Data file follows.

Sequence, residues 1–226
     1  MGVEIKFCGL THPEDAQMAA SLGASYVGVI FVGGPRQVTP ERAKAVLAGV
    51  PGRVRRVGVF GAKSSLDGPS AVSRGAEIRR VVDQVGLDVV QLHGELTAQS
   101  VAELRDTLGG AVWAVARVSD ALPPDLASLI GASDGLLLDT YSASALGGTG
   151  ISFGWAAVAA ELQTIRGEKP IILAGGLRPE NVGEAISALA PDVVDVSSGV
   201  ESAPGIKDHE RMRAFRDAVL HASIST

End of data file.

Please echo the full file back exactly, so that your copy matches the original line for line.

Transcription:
Sequence, residues 1–226
     1  MGVEIKFCGL THPEDAQMAA SLGASYVGVI FVGGPRQVTP ERAKAVLAGV
    51  PGRVRRVGVF GAKSSLDGPS AVSRGAEIRR VVDQVGLDVV QLHGELTAQS
   101  VAELRDTLGG AVWAVARVSD ALPPDLASLI GASDGLLLDT YSASALGGTG
   151  ISFGWAAVAA ELQTIRGEKP IILAGGLRPE NVGEAISALA PDVVDVSSGV
   201  ESAPGIKDHE RMRAFRDAVL HASIST